I actually use the terms quite differently.

Gentrification merely means the socio-economic stratum of a neighborhood changes. It can happen without substantial physical changes to the neighborhood, although you do of course see houses get fixed up and more interesting businesses eventually. Still, new market-rate development comes in only once gentrification has nearly finished.

In contrast, revitalization is more of a planned, top-down, developer driven process. A blighted neighborhood is targeted by the local government and community groups for investment, which comes into the community before any real change in neighborhood demographics. Non-residential neighborhoods (e.g., CBDs, or old warehouse districts) can revitalize, but they can't gentrify, because there's virtually no one to displace.

Quote:
Originally Posted by JR_C View Post
I agree with you. But in this thread: Why do we ignore moderate density? many people seemed to have an unfavorable impression of that type of neighborhood.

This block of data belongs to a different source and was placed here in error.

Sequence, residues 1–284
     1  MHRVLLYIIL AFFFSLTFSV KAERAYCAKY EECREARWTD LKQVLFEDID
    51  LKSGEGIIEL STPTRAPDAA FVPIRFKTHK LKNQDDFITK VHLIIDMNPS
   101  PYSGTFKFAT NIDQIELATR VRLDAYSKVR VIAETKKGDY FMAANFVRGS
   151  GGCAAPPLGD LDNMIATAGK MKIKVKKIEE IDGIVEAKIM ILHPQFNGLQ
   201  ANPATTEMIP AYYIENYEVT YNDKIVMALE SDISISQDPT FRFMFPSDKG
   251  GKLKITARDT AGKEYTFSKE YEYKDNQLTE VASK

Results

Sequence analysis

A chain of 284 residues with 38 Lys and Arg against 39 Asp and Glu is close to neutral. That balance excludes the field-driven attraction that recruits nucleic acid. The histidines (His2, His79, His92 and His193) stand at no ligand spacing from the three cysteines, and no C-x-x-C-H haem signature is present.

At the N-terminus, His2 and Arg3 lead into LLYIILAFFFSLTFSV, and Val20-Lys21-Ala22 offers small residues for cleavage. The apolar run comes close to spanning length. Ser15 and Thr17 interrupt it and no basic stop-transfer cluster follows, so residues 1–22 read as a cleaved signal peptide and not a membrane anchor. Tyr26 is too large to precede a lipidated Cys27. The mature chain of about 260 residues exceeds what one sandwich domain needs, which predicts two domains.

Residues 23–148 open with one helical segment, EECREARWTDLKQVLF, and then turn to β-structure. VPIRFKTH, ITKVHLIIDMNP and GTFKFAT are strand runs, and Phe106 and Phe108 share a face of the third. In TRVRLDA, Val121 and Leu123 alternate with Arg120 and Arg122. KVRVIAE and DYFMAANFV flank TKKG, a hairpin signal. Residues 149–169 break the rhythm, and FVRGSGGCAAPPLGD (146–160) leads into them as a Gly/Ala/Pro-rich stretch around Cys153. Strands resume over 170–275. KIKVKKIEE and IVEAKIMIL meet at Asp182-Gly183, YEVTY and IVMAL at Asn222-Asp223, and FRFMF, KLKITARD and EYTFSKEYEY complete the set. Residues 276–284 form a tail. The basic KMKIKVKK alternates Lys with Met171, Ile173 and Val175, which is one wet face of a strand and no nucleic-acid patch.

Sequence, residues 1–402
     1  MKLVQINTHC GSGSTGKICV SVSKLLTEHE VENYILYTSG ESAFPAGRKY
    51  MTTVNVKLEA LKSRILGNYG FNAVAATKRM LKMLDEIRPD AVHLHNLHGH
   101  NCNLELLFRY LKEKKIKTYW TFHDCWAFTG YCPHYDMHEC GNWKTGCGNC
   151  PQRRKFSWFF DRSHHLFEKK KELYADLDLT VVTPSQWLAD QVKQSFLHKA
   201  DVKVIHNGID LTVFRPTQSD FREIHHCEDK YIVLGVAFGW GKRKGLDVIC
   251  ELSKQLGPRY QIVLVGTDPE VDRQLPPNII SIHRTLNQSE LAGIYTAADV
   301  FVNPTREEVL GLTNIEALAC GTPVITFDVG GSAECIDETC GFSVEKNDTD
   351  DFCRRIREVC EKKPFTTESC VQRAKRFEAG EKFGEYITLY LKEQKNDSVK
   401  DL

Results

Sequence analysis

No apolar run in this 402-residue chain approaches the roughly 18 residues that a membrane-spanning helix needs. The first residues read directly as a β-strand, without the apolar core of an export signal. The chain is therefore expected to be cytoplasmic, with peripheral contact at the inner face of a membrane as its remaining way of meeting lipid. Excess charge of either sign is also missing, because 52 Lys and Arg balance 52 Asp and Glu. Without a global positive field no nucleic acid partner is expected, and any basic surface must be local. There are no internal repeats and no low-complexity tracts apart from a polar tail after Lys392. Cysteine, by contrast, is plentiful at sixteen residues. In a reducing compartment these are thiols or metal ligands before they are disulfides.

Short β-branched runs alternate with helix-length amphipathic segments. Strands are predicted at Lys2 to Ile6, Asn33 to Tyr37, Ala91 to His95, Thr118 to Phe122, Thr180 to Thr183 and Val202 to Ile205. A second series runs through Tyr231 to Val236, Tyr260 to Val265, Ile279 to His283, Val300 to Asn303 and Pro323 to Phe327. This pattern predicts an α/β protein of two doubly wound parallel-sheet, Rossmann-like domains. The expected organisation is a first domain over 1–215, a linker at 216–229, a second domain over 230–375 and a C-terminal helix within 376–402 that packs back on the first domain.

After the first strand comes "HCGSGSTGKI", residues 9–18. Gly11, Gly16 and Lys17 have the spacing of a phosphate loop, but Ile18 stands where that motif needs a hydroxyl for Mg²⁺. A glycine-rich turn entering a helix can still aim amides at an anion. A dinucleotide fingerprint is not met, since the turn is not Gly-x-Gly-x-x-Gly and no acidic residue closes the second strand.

Again, we were sort of pushed into the neighborhood we chose. We would have rather lived in bigger historic rowhouse, but we found that prices for larger rowhouses in walkable neighborhoods which needed little to no work had appreciated beyond what we were willing to pay. We couldn't compromise on price, condition, or size considerably, which meant we had to compromise on location. It's a much better fit for us personally speaking than a fully suburban neighborhood would have been, it's physically speaking an amazing house from 1905, and it still has some city amenities like transit service. It's not ideal, but when you are a parent, you need to compromise on some things.

Quote:
Originally Posted by urbanlife78 View Post
The need to have large families don't make sense in this day and age.
Even though we stopped at two kids, I'd argue against this. A lot of people operate under the false assumption a family has only so much "social capital" to go around. E.g., if you have a third child, the strain on family resources means the outcomes for your other two children will result in worse adult outcomes. There's no evidence to suggest this at all. If this were true, we would have seen a tremendous rise in living standards in the U.S. with the shrinking of families. Instead we largely see stagnation.